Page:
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F.E.A.R. & Quake 4

Performance Comparisons with F.E.A.R
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One of the most highly anticipated titles of 2005, Monolith's new paranormal thriller F.E.A.R promises to be as thrilling to the mind as it is to the eyes. Taking a look at the minimum system requirements, we see that you will need at least a 1.7GHz Pentium 4 with 512MB of system memory and a 64MB graphics card that is a Radeon 9000 or GeForce4 Ti-class or better to adequately run the game. Using the full retail release of the game patched to v1.02, we put the graphics cards in this review through their paces to see how they fared with a promising new title. Here, all graphics settings within the game were set to the medium values, but with soft shadows disabled (Soft shadows and anti-aliasing do not work together currently). Benchmark runs were then completed at resolutions of 1024x768 and 1152x864, with and without anti-aliasing and anisotropic filtering enabled.

Please note that we configured F.E.A.R. to run at the game's 'Medium' quality levels in these tests, so the scores here should not be directly compared to any of the scores in our recent graphics related articles where we set the game to its 'Maximum' quality levels.

F.E.A.R. is very taxing on today's GPUs, so framerates in this game were somewhat low, which is to be expected. What is important to note is that the Mobility Radeon X1600 was able to run this game without a problem and almost broke the 30 frame per second mark with anti-aliasing and anisotropic filtering enabled at a resolution of 1024x768.  Higher clocked versions of this GPU, perhaps with larger frame buffers, may perform better.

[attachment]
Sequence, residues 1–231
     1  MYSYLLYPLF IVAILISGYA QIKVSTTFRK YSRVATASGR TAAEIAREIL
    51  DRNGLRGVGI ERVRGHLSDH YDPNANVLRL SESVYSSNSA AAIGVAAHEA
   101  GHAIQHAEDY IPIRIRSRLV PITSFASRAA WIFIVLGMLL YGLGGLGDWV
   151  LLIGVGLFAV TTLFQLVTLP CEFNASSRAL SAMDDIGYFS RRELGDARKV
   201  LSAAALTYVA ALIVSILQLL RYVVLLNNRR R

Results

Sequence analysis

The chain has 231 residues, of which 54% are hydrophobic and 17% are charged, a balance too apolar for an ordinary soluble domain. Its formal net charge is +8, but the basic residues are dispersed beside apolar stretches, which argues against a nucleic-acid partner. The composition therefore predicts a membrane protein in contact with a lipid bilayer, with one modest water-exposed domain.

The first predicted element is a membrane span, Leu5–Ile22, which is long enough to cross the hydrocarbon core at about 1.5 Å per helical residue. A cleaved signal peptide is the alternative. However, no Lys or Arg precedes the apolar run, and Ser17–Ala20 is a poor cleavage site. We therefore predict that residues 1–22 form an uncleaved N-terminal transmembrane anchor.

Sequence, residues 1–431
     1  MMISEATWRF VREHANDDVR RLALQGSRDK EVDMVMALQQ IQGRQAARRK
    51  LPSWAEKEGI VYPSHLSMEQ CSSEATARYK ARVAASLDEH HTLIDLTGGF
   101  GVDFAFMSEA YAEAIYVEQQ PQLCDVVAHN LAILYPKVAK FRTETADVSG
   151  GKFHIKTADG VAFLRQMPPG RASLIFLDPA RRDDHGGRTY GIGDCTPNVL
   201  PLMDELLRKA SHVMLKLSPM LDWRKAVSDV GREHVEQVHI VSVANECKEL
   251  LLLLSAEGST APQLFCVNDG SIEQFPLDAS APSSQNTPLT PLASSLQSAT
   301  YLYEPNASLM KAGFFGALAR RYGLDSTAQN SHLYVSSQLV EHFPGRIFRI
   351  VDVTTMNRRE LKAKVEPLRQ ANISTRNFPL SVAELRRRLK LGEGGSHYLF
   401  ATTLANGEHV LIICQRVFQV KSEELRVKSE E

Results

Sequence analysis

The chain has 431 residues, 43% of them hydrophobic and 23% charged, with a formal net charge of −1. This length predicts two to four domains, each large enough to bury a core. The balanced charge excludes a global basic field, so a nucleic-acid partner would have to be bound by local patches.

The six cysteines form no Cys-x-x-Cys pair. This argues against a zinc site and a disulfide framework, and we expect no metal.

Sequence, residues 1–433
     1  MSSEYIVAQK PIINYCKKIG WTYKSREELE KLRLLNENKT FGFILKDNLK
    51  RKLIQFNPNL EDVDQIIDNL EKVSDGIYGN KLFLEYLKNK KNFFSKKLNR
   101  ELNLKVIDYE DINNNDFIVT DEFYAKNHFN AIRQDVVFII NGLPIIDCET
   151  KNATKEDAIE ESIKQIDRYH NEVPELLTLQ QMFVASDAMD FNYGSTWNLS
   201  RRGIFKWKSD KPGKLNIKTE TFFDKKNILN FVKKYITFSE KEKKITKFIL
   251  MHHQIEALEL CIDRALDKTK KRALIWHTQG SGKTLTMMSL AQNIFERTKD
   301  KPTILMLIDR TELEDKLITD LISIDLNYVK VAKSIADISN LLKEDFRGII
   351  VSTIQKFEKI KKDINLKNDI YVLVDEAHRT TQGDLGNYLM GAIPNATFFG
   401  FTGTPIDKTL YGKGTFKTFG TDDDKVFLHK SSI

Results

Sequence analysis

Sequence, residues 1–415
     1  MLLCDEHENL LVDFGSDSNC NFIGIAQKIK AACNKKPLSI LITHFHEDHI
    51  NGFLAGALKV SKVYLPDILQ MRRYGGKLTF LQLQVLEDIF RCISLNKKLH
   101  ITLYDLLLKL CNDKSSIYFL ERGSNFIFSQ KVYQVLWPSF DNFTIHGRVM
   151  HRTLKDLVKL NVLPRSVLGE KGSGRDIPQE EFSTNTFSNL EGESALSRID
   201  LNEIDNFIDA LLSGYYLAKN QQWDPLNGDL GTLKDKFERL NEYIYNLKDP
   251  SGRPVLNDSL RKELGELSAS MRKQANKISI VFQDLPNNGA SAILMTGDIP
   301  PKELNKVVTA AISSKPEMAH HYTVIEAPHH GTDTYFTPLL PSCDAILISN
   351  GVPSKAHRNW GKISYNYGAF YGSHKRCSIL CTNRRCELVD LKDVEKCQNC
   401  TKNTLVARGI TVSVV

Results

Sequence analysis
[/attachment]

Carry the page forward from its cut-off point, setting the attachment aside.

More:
Performance Comparisons with Quake 4

Quake 4
id Software, in conjunction with developer Raven, recently released the latest addition to the wildly popular Quake franchise, Quake 4. Quake 4 is based upon an updated and slightly modified version of the Doom 3 engine, and as such performance characteristics between the two titles are very similar.  Like Doom 3, Quake 4 is also an OpenGL based game that uses extremely high-detailed textures and a ton of dynamic lighting and shadows, but unlike Doom3, Quake 4 features some outdoor environments as well. We ran these Quake 4 benchmarks using a custom demo with the game set to its "High-Quality" mode, at resolutions of 1024x768 and 1152x864 without anti-aliasing enabled and then again with 4X AA and 8X aniso enabled simultaneously.

The Mobility Radeon X1600 struggled a bit with our custom Quake 4 benchmark, although had we lowered the in-game quality settings, the MR X1600's performance would have improved a bit.  As it stands now, with Quake 4 running in its high-quality mode, with no addition pixel processing, the Mobility Radeon X1600 posted framerates of 37.7 FPS and 33 FPS at resolutions of 1024x768 and 1152x864, respectively. With anti-aliasing and anisotropic filtering enabled though, performance dropped off sharply at both resolutions.

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